Getting a scholarship at Berklee?

David Floegel

Silver Member
Hi,

ok, as you can see in the title, I'm interested in getting a scholarship at the Berklee univserity. (in 2 years, when my trainingship is done)
Most people will now think "haha well - good luck.. you'll never get it" but that's ok, I'm pretty sure that the chances to get a scholarship are pretty low.. (4000 applications each year)


I've got a few questions and I hope some people will be able to answer them:
-1- how does the application work?
I read on the page that an audition and interview is required - since I'm from germany that might be a bit difficult :) If they would invite me, I would fly there but of course a video chat and video performance would be a lot easier (and cheaper), haha.

-2- what is required for the audition? what do they want to see? Solo performances? Band/Playalong? Or is it like "ok, here's a sheet music and a snare drum solo, play it, now!" (last would be horrible..)

-3- Differences between full tuition and only a bit tuition (don't know the word..):
I'm sure there will be huge differences in getting a full tuition and only getting a bit money for your education at berklee. Does somebody of you know where the differences are?


Thanks for your answers in advance!!
It would be a dream to study at berklee, or if berklee doesn't want me an other university in america.. I just can't afford 60.000$ per year :p


All the best!
David
 

Ami

Senior Member
When I was checking out schools in the states and auditioned for them, they wanted an applicant who could play well in a bunch of jazz styles, (and other styles if possible) sightread, play with a band, and have a harmony and theory background. The closer to a pro level player you are, the better your chances.

Since you mention other Uni's, I recommend you check out UNT. Since it is a state school, the tuition is much lower, and if you get a scholarship, tuition will probably be affordable. ("in state"). The School is really amazing and you will learn a lot and probably have a very positive experience. If you will be lucky enough to study with the great Ed Soph, even better...
 
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Anthony Amodeo

Guest
a couple of my past students now attend Berklee

one on scholarship

for the audition they played a prepared piece, did some sight reading, played through some styles, answered some theory questions, then went through an interview process

as far as the prepared piece ...one of my students did a jazz play along , and the other prepared a Gavin Harrison piece ... recreating the backing track himself then played along to that

they both just finished their first year and seem to love it

I don't know the details as far as tuition
 

Shirai

Member
I don't know anything about Berklee's audition process or scholarship structure, but you may also want to consider Belmont University in Nashville. It's expensive, but not as expensive as Berklee, and is one of the few schools in the US that has a music program focused on commercial styles. Chester Thompson heads up the drum department there, and Nashville is a good town to build connections in if you're interested in a career in music.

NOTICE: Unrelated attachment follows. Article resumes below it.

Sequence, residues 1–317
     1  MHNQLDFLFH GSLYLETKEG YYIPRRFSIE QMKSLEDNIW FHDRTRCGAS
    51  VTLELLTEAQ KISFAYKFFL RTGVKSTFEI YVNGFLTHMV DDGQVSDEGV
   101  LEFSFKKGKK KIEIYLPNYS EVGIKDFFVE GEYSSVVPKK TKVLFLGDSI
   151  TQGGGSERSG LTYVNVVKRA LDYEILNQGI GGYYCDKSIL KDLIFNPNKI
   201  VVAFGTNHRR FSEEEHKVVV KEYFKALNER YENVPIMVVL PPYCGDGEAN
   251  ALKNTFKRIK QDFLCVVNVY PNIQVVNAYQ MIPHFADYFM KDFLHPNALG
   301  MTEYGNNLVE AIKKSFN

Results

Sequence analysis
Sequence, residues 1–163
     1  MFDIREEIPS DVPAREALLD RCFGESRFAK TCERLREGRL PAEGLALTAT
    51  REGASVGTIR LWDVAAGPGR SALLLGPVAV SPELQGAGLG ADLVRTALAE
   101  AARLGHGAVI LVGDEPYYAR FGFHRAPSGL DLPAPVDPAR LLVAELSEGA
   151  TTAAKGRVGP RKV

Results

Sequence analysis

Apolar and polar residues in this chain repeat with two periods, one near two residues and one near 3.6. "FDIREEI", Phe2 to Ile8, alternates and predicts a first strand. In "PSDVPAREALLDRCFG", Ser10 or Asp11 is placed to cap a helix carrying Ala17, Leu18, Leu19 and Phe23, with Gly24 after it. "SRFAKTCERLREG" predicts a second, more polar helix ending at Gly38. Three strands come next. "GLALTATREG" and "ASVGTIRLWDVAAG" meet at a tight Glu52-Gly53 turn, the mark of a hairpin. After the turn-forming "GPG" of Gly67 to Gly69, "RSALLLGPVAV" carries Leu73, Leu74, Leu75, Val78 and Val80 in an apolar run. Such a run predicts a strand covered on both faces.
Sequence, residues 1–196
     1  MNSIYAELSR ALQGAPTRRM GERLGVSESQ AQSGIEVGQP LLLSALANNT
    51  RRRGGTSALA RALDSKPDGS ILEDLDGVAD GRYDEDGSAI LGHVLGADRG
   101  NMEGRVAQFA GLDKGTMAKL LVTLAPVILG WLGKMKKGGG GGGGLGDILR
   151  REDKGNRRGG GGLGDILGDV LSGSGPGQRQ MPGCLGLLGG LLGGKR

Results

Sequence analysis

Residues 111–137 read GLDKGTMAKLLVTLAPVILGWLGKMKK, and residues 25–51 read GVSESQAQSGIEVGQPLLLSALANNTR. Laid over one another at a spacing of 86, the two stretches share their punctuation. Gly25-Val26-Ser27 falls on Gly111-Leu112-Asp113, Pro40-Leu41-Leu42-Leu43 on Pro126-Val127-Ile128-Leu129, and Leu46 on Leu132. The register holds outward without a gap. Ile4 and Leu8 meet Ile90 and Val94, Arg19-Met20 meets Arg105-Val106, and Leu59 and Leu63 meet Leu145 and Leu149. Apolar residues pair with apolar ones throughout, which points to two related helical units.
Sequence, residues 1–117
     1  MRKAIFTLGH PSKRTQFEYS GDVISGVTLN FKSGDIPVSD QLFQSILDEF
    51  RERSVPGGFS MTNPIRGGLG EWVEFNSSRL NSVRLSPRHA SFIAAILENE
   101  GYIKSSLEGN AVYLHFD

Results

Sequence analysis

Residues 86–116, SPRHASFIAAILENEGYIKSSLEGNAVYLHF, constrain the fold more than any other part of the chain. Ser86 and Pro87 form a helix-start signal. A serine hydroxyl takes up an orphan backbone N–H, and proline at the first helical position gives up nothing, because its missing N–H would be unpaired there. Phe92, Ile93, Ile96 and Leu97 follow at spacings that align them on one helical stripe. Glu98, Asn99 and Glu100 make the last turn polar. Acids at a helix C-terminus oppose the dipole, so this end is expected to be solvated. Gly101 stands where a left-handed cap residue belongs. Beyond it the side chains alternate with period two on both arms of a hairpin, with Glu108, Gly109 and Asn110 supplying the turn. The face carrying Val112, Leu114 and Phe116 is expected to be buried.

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Anthony Amodeo

Guest
I don't know anything about Berklee's audition process or scholarship structure, but you may also want to consider Belmont University in Nashville. It's expensive, but not as expensive as Berklee, and is one of the few schools in the US that has a music program focused on commercial styles. Chester Thompson heads up the drum department there, and Nashville is a good town to build connections in if you're interested in a career in music.
absolutely

Nashville is one of the few heavily fertile living music scene cities left in the country
 

tamadrm

Platinum Member
I just took a look at Berklees' website,and the tuition isn't as much as I thought it would be.It varies between 13,000 and 17,700 not including additional fees,computer(mandatory),and books.Compared with Julliard,which is.........wait for it.................over 51,000 for a double dorm room,not including other fees,which can total around 10,000.Thats US dollars.

One of my former boy scouts graduated from Julliard,and is an amazing pianist.He's now working on Wall street.A shame really.

Steve B
 
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David Floegel

Silver Member
I just took a look at Berklees' website,and the tuition isn't as much as I thought it would be.It varies between 13,000 and 17,700 not including additional fees,computer(mandatory),and books.

Steve B
Right.. that's why I would need a presidential scholarship..


Thanks all for your answers!


@Shirai and Ami: I will definitely check the uni you named, sounds interesting!


Thanks again! :)
 

Numberless

Platinum Member
As long as you audition you're always considered for a scholarship. I know great musicians that have auditioned and have received 20,000 to 40,000 which is a decent amount. The presidential scholarship is given to like five people each years, basically students who are already pretty much amazing, it's highly competitive so be sure to know what you're in for.